Toronto has dire need for federal help on housing, U of T professor says

University of Toronto policy and governance professor Janet Mason says she would like to see the new federal funding go towards a “down payment” on a more significant national housing strategy.

$11B expected to be set aside in budget, money Janet Mason says city badly needs

The federal budget is expected to set aside $11 billion to municipalities for affordable housing. (iStock)

Wednesday's federal budget is expected to set aside $11 billion to municipalities for affordable housing, which is sorely lacking in Toronto.

With many existing Toronto Community Housing properties in a state of disrepair and the price of housing skyrocketing in the city, the situation may get much worse before it gets better.

University of Toronto policy and governance professor Janet Mason says she would like to see the new federal funding go toward a "down payment" on a more significant national housing strategy.

Mason, who was also part of Mayor John Tory's task force on Toronto Community Housing, says if divided across the country over a decade, the $11 billion wouldn't even address the capital repair backlog at TCHC. Even if the money covered the repairs, she says it still wouldn't help the 100,000 who are on TCHC's waiting list.

"What we really need is something that commits to address the serious lack of affordable rental housing in this city," Mason told CBC Radio's Metro Morning. "The repair is obviously critical, but we haven't built any significant amount of housing or expanded people's access to support for their housing in any significant way for a long time."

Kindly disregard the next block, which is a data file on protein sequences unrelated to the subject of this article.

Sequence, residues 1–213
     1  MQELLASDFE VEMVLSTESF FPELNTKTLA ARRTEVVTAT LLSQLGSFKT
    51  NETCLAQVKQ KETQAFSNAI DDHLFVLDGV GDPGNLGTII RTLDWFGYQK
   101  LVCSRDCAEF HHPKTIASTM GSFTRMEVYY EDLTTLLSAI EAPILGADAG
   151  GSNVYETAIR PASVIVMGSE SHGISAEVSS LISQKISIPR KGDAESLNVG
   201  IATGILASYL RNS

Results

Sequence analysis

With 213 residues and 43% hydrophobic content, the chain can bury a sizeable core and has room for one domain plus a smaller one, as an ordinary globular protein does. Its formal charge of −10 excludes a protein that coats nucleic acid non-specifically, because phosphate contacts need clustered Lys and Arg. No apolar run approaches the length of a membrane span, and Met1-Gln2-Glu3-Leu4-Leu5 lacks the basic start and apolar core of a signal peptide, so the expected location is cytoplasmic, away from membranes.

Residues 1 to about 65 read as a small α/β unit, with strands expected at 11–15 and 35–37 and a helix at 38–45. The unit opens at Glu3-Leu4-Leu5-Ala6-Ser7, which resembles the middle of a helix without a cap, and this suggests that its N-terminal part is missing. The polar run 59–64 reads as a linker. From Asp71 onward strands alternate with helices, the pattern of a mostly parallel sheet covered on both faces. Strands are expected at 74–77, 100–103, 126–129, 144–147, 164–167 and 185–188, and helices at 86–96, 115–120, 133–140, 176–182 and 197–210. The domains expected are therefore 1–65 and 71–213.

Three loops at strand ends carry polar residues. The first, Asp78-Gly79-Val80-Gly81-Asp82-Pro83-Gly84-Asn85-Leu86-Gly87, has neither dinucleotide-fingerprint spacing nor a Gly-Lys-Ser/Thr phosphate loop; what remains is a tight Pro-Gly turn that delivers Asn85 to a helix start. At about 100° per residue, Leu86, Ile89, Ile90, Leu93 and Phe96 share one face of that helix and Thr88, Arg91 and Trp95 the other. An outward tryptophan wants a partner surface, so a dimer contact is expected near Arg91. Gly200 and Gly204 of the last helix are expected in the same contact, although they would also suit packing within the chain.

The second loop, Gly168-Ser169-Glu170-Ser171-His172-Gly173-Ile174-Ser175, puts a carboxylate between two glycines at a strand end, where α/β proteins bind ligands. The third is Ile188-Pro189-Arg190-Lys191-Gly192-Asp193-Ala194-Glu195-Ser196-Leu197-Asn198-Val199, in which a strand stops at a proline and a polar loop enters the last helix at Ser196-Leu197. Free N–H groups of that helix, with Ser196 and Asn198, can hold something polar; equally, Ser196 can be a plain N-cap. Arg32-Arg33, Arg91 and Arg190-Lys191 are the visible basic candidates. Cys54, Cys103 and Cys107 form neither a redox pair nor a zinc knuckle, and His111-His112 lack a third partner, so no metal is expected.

On both fronts — repairs and new housing — the situation has proven difficult.

University of Toronto professor Janet Mason says she would like to see the new federal funding go towards a 'down payment' on a more significant national housing strategy. (CBC)

As a member of the task force, Mason says people who came out to meetings were facing desperate situations where their units were flooded and not fixed for days or where tenants had to patch up windows themselves.

"The state of repair is dire, that's why they're talking about shutting housing," Mason said.

The stigma some residents feel around living in community housing also underscores the need for repairs, she says, but giving community housing residents options, so they don't have to live in isolated communities that are seen as substandard by the rest of the city, is also important.

'Rent supplements' a possible solution

For those on the waiting list, they may be able to get support through supplements.

"The fastest way to help people on the waiting list is to give them what we call "rent supplements" — money to pay for the housing that they're in now," Mason added. "But as we know, the rental supply is very highly priced in this city, so finding a way to actually expand the affordable supply over the long run has got to be part of the solution."

While it's currently unknown how much Toronto would get for community housing in the new budget, Mason believes Toronto can make the case that it should get more money than other cities.

"Toronto has the highest, largest social housing portfolio of any city in the country for sure," she said. "But it also has the highest number of people in need because it's a very expensive city with a lot of people with low incomes."

Overall, Mason remains optimistic that the federal government will address the affordable housing crisis.

"People are looking into the federal government to show leadership," she said. "The government has positioned itself, rightfully so, as a progressive government and people have a right to expect that they will act in this area."